Fiji has presented its report on its human rights development to the Human Rights Council in Geneva at which a number of countries congratulated Fiji on the receptive and apolitical manner in which the delegation presented and responded to the dialogue.
In his opening statement, the Head of the Fijian Delegation - Attorney General and Minister for Justice Aiyaz Sayed-Khaiyum outlined Fiji’s significant achievement in the promulgation of the Constitution in September 2013.
He said the constitution has a Bill of Rights which includes civil and political rights, and unprecedented social and economic rights.
The Attorney General also informed the Council that the Constitution has created substantive equality complemented by legal and policy implementation.
Chief Justice, Anthony Gates spoke about the barriers experienced by the Judiciary in its functioning after the events of 2009, the effects of the travel ban imposed on judges and the important judicial reforms implemented by him to promote an open and equal justice system.
Director of Public Prosecutions, Christopher Pryde also explained the basis of prosecution in Fiji, the non-political nature of the decision to prosecute and the number of assault cases committed by police officers who are currently before the Courts.
The Council then broke into interactive dialogue between individual countries and the Fijian delegation.
The dialogue included a discussion on violence against women, on media freedom, on the way in which limitations in the Constitution will be read and the important inclusion of social and economic rights in the Fijian Constitution.
All countries which spoke in this dialogue congratulated Fiji on its recent elections and on its strong and progressive Constitution.
In relation to questions about the participatory process of Constitution building, the Attorney General and Minister for Justice told the Human Rights Council Working Group about the numbers of submissions received and the process of consultation which was adopted before the drafting of the Constitution.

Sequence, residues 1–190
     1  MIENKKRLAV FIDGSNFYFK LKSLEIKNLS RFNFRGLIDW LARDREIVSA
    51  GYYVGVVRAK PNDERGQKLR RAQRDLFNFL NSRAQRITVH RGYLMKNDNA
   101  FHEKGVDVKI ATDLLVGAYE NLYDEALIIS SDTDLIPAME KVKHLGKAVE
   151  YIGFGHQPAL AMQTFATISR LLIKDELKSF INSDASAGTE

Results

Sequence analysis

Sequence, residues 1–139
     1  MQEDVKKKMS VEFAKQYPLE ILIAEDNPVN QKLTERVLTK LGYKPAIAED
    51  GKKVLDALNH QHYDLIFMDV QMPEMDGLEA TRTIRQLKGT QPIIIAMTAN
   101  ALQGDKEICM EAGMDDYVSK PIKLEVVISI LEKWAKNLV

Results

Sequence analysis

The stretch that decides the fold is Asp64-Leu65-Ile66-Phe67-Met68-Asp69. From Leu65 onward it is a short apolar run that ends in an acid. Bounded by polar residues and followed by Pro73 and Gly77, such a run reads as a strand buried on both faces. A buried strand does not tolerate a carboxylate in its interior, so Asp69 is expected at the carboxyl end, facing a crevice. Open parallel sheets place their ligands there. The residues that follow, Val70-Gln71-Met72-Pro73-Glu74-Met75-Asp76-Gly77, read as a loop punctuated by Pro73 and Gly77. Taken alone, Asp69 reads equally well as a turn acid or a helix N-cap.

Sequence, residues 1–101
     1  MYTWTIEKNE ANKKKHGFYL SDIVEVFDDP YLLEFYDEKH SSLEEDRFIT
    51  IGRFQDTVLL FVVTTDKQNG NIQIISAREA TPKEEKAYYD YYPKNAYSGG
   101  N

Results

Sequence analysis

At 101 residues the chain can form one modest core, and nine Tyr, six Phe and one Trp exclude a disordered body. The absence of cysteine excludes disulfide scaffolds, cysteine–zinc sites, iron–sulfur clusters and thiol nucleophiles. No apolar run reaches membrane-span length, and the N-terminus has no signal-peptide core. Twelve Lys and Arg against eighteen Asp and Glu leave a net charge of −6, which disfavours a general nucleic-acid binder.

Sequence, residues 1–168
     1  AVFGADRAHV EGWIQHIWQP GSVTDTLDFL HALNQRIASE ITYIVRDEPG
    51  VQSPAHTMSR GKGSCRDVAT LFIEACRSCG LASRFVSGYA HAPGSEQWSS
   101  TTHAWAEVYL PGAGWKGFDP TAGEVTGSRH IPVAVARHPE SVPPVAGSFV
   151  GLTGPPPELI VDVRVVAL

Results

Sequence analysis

In response to the questions about the independence of the Judiciary, the Chief Justice explained how the UN basic principles on the independence of the Judiciary had been incorporated into the Constitution.
He said that there was no evidence of any interference with Fiji’s judiciary by Government and that the Judiciary was committed to reforms.
Some countries asked about the way in which media freedom was protected under the Media Development Decree 2010 and the Constitution.
The Chair of the Media Industry Development Authority Ashwin Raj explained that the code of ethics in the Media Decree 2010 and the limitations to freedom of expression in the Bill of Rights aligns with the jurisprudence on European Court of Human Rights and that media laws in Fiji are not an exception to those practised in other jurisdictions.
Permanent Representative to the United Nations in Geneva, Ambassador Nazhat Shameem addressed the issue of the under reported dark figure of gender based violence and ways in which Fiji had addressed the need for victims of gender based violence to report these offences.
Fiji’s report together with a list of recommendations made by countries will be tabled at the Human Rights Council later this week.
That will be followed by a concluding speech by the Attorney General and Minister for Justice, Aiyaz Sayed-Khaiyum.
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